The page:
James Jariv, 64, of Las Vegas, Nevada, was sentenced in federal court in Las Vegas today to ten years in prison for his role in illegal schemes to generate fraudulent biodiesel credits and to export biodiesel without providing biodiesel credits to the United States. Jariv was also ordered to make restitution in the amount of $6,345,830.91 and to forfeit between $4 to $6 million in cash and other assets.
Jariv was the second defendant to be sentenced for the scheme. Nathan Stoliar, 64, of Australia, was sentenced to two years in prison in April for his role in the conspiracy and ordered to pay more than $1.4 million in restitution and to forfeit of $4 million in cash. In addition, in court papers unsealed last week, Alex Jariv, 28, also of Las Vegas, pleaded guilty in the scheme and his sentencing was scheduled for Aug. 18, 2015.
James Jariv and Stoliar both pleaded guilty to one count of conspiracy, one count of conspiracy to engage in money laundering, two counts of wire fraud and one count of making false statements under the Clean Air Act. Alex Jariv pleaded guilty to one count of conspiracy to commit wire fraud, make false statements and launder monetary instruments.
“This was an egregious scheme to defraud fuel suppliers, the United States, and a program designed to strengthen our nation’s petroleum independence and improve our air quality” said Assistant Attorney General John C. Cruden for the Justice Department’s Environment and Natural Resources Division. “We will not tolerate such fraud and will vigorously prosecute those who put their own enrichment above our nation’s interests.”
“Mr. Jariv and his co-defendant defrauded the United States government of millions of dollars through this biodiesel fraud scheme,” said U.S. Attorney Daniel Bogden for the District of Nevada. “They used a Las Vegas company and Las Vegas bank accounts to facilitate the scheme. Fortunately, in addition to convicting both defendants, we were able to seize and forfeit millions of dollars from numerous bank accounts, as well as real property in Nevada and California, jewelry and other assets.”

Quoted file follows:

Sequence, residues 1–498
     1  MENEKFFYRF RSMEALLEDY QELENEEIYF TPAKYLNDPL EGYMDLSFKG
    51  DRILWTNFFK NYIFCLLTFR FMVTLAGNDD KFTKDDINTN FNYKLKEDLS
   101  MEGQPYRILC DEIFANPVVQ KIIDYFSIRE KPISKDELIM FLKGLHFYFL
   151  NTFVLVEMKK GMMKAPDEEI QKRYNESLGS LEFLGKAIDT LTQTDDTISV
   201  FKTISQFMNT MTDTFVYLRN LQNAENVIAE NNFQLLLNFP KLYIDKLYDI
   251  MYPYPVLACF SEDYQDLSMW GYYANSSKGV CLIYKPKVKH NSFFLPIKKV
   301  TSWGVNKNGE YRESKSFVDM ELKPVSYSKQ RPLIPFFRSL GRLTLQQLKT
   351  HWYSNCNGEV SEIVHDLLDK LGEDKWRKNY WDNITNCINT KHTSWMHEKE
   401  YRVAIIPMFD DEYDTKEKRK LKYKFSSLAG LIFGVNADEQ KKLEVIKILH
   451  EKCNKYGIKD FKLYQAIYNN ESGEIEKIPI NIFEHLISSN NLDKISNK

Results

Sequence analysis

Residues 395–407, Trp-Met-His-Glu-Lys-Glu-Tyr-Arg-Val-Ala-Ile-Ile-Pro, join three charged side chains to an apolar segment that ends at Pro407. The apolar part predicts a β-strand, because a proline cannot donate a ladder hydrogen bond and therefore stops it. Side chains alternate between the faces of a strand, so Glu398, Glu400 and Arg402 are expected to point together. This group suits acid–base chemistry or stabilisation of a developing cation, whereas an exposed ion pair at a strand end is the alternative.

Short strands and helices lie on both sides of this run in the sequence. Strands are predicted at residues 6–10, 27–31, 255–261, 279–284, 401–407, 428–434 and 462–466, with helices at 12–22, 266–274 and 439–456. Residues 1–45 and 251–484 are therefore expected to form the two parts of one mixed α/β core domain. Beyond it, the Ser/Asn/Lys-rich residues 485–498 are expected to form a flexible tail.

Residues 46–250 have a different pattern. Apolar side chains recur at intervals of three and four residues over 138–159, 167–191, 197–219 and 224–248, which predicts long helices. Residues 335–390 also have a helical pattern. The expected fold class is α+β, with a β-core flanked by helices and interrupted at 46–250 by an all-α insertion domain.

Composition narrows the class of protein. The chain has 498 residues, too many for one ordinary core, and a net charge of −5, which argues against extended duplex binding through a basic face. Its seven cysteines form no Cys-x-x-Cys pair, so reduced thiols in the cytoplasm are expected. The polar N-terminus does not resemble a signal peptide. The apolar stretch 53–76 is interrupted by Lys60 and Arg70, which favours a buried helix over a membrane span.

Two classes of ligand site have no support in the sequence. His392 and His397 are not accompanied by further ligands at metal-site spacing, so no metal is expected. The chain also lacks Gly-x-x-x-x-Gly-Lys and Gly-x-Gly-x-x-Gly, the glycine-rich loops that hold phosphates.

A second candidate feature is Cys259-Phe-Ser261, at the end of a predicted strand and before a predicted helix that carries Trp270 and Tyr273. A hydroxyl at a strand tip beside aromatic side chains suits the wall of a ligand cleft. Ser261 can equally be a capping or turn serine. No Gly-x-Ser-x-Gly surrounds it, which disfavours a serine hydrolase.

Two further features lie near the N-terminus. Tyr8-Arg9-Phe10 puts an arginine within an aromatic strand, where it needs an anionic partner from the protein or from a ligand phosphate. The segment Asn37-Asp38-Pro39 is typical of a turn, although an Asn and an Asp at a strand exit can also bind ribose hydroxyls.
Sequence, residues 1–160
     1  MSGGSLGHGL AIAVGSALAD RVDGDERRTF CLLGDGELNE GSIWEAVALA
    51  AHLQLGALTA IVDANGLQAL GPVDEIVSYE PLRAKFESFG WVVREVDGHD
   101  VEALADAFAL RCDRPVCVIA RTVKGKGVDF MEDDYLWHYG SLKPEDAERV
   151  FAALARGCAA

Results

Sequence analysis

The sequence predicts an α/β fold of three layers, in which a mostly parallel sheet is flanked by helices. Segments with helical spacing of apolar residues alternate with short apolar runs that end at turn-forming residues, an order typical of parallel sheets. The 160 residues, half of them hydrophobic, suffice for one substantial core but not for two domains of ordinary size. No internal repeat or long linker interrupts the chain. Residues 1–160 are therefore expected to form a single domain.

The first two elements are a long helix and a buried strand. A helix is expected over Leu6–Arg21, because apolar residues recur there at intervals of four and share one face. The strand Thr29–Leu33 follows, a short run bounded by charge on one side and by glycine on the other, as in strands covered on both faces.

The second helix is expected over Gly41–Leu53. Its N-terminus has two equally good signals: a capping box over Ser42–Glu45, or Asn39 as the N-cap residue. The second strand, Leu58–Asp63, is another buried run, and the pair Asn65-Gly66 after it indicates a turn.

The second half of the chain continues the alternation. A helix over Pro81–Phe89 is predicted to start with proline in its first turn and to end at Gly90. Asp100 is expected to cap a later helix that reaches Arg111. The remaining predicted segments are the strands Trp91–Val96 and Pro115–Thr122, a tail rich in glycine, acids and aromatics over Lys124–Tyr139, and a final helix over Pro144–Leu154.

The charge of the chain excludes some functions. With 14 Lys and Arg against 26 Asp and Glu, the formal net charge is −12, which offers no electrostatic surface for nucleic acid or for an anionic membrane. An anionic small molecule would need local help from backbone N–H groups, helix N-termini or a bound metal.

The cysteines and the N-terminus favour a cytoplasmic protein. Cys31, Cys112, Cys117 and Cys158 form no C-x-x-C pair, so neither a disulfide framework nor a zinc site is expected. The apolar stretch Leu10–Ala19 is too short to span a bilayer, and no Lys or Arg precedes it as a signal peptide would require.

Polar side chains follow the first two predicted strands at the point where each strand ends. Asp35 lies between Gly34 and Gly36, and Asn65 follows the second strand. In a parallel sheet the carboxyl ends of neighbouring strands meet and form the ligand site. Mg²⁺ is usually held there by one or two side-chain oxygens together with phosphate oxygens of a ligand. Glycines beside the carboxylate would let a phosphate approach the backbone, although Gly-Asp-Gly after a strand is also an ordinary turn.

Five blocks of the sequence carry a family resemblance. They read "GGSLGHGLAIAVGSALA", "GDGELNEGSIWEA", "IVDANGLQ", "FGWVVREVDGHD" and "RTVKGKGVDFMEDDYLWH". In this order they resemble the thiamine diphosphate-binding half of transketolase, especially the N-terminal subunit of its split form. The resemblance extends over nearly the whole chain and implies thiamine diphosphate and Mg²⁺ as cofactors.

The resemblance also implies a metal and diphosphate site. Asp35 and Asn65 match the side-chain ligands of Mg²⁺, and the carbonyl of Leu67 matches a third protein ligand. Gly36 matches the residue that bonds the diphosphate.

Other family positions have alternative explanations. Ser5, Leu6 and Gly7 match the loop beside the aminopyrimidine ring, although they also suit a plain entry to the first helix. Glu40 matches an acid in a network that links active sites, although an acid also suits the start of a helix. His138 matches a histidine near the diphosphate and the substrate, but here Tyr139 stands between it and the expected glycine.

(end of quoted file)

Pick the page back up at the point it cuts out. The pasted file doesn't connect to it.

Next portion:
“EPA's criminal enforcement program goes after the most egregious offenders,” said Assistant Administrator Cynthia Giles for Enforcement and Compliance Assurance at EPA. “For his role in undermining the Renewable Fuel Standard, developed to reduce the nation’s impact on climate change and lessen our dependence on foreign oil, Mr. Jariv is going to prison. Let today’s sentence send a clear message to others who engage in biofuel fraud that EPA takes seriously its responsibility to bring violators of this important program to justice.”
The Energy Independence and Security Act of 2007 created a number of federally-funded programs that provided monetary incentives for the production and use of renewable fuels such as biodiesel in the United States. Biodiesel producers and importers can generate and attach credits known as renewable identification numbers (RINs) to the gallons of biodiesel they produce or import. Because certain companies (such as companies that sell transportation fuel in the United States) need RINs to comply with regulatory obligations, RINs have significant market value. They are routinely bought and sold in the marketplace. In addition, to ensure that RINs are generated for renewable fuel used only in the United States and in order to create an incentive for biodiesel in the United States to be used here, anyone who exports biodiesel is required to obtain these valuable RINs for all exported gallons and provide the RINs to EPA.